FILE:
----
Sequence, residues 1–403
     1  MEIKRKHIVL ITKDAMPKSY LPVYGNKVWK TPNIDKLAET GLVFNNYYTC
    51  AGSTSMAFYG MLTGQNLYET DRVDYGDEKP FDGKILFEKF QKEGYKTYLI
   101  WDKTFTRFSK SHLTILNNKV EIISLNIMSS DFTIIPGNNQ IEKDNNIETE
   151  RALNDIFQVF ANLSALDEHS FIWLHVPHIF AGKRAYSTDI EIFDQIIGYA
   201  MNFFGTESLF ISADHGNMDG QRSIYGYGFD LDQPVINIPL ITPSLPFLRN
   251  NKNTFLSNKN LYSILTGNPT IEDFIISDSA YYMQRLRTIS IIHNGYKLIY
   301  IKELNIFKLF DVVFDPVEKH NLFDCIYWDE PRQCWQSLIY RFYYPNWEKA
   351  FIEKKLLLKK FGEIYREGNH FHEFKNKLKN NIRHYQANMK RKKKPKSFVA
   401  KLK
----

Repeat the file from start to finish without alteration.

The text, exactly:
Sequence, residues 1–403
     1  MEIKRKHIVL ITKDAMPKSY LPVYGNKVWK TPNIDKLAET GLVFNNYYTC
    51  AGSTSMAFYG MLTGQNLYET DRVDYGDEKP FDGKILFEKF QKEGYKTYLI
   101  WDKTFTRFSK SHLTILNNKV EIISLNIMSS DFTIIPGNNQ IEKDNNIETE
   151  RALNDIFQVF ANLSALDEHS FIWLHVPHIF AGKRAYSTDI EIFDQIIGYA
   201  MNFFGTESLF ISADHGNMDG QRSIYGYGFD LDQPVINIPL ITPSLPFLRN
   251  NKNTFLSNKN LYSILTGNPT IEDFIISDSA YYMQRLRTIS IIHNGYKLIY
   301  IKELNIFKLF DVVFDPVEKH NLFDCIYWDE PRQCWQSLIY RFYYPNWEKA
   351  FIEKKLLLKK FGEIYREGNH FHEFKNKLKN NIRHYQANMK RKKKPKSFVA
   401  KLK